Teachers Passing on Recommendation Requests
Fair Lawn High School parents are concerned that teachers are taking out their contract dispute on students
Many Fair Lawn High School seniors had their worst fears confirmed Tuesday when they asked teachers for college letters of recommendation and were rebuffed.
“There is a very consistent response from the teachers,” parent Patti Lakin said. “They’re reading a prepared statement to the kids. It’s obvious they’re being told to say it.”
Although Fair Lawn Education Association president Gene Kuffel said last month that he was not responsible for issuing such a directive, parents assume that the resistance to write letters for students is a negotiating tactic brought down from the union leadership.
Teachers have been working with an expired contract since last June and would like to speed up new contract negotiations. Under their current contract, they are not required to write recommendation letters for students.
Lakin and a half dozen other incensed parents of FLHS seniors attended Wednesday’s Board of Education meeting to air their displeasure with the situation. The group of parents, who asked to remain anonymous, said they had heard from their own children and classmates of their children about the concerted teacher response.
One parent read a message from a student:
“I asked two teachers today and both said they remembered that I spoke to them,” the message begins. “One physically wrote my name on a list and the other said that hopefully once this whole thing was over, he’d be more than happy to write me [a recommendation].”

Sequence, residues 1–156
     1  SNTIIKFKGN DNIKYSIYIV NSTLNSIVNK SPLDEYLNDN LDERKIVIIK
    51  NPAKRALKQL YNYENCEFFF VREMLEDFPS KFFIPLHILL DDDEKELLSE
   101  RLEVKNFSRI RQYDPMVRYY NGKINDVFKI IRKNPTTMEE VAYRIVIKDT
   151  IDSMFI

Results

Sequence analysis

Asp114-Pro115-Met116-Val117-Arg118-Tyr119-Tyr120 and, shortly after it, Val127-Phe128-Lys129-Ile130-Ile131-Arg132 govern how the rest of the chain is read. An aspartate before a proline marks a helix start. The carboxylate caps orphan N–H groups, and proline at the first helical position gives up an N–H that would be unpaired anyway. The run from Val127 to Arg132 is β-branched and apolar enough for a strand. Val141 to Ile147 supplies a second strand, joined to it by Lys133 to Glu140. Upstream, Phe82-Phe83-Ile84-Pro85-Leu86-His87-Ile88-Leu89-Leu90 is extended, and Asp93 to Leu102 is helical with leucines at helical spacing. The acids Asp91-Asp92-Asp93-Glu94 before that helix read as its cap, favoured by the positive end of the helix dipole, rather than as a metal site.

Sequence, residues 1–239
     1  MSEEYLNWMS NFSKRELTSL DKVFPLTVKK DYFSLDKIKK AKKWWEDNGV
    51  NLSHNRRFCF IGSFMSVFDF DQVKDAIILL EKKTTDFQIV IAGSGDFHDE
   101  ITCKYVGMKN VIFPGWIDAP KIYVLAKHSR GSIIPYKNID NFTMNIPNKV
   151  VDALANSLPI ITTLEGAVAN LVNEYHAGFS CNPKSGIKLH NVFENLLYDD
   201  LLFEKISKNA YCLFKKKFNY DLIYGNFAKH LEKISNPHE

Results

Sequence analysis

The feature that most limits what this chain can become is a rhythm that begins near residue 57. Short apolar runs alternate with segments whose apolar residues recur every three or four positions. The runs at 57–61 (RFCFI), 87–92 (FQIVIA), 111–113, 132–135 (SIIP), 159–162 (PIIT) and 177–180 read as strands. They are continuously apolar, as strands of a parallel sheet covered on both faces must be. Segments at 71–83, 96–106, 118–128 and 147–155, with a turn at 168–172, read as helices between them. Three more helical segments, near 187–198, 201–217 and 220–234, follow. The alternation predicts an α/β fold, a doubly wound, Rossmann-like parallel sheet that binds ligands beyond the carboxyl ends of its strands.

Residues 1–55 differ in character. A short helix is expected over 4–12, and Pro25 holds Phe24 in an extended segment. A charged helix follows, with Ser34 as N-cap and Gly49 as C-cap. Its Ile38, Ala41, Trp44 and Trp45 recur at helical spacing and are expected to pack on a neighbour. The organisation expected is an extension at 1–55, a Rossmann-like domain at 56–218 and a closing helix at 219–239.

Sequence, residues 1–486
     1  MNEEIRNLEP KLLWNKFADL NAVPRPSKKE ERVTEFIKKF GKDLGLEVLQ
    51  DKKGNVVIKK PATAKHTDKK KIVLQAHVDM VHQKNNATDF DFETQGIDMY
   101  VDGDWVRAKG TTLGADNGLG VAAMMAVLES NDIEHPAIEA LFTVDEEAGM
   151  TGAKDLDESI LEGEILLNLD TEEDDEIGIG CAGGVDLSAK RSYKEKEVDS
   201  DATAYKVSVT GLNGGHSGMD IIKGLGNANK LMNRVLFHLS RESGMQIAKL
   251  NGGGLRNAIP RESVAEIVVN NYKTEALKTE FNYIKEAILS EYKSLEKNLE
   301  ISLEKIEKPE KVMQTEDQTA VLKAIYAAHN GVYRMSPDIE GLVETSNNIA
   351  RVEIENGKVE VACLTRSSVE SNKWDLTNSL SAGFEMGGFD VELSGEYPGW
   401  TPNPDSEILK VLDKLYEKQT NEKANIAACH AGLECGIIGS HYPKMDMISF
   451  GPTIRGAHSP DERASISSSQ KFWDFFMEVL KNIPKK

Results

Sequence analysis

The parents are concerned that without letters of recommendations, colleges will pass on their children. Some schools require early action admission packets to be turned in as soon as Sept. 30. Without a recommendation, parents said that colleges consider the admission packet incomplete.
While the parents said they previously had sympathized with the teachers over their contract situation, a few made known that their support was drying up now that their actions were directly hurting kids.
“As a senior parent we’re here to get our kids into college now,” one father said. “If they’re jeopardizing that, I don’t think anything else matters.”
“They’re using this as a tactic to get everybody’s attention,” a mother added. “And, you know what, you’ve got our attention. But because you’re using our kids as pawns, you don’t have our support. What a simple way to lose support. Completely. 100 percent.”
Parents said some of the same students now being denied recommendations actually marched outside last year in solidarity with the teachers, and now feel shocked and let down.
“It’s a slap in the face,” one father said.
Even if the teachers change their tune eventually, parents worry that it won’t be soon enough.
Lakin said she feared that if teachers were forced to churn out numerous recommendation letters just prior to application deadlines, that they would end up more like generic form letters than the personalized, poised letters students expect from their teachers.
Another parent said he felt he was being cheated financially, because even if ultimately accepted, his child might not receive precious scholarship money that schools sometimes dole out on a first-come first-serve basis.
The parents said they would be bringing the issue before teachers at Thursday’s Back to School Night event.